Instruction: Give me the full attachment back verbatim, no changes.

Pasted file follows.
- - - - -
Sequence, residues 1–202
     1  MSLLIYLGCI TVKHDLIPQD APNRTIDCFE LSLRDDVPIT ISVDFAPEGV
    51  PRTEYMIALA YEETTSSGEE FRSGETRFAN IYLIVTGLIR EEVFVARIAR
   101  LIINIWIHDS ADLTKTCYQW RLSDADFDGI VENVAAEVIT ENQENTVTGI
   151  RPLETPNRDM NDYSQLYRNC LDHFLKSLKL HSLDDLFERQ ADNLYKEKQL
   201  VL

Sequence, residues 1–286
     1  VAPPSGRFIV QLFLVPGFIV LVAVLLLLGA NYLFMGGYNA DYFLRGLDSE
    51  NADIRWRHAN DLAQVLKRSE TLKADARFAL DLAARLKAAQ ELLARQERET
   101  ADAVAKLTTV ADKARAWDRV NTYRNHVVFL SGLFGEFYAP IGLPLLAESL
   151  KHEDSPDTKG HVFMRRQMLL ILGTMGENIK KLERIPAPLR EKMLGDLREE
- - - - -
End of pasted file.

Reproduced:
Sequence, residues 1–202
     1  MSLLIYLGCI TVKHDLIPQD APNRTIDCFE LSLRDDVPIT ISVDFAPEGV
    51  PRTEYMIALA YEETTSSGEE FRSGETRFAN IYLIVTGLIR EEVFVARIAR
   101  LIINIWIHDS ADLTKTCYQW RLSDADFDGI VENVAAEVIT ENQENTVTGI
   151  RPLETPNRDM NDYSQLYRNC LDHFLKSLKL HSLDDLFERQ ADNLYKEKQL
   201  VL

Sequence, residues 1–286
     1  VAPPSGRFIV QLFLVPGFIV LVAVLLLLGA NYLFMGGYNA DYFLRGLDSE
    51  NADIRWRHAN DLAQVLKRSE TLKADARFAL DLAARLKAAQ ELLARQERET
   101  ADAVAKLTTV ADKARAWDRV NTYRNHVVFL SGLFGEFYAP IGLPLLAESL
   151  KHEDSPDTKG HVFMRRQMLL ILGTMGENIK KLERIPAPLR EKMLGDLREE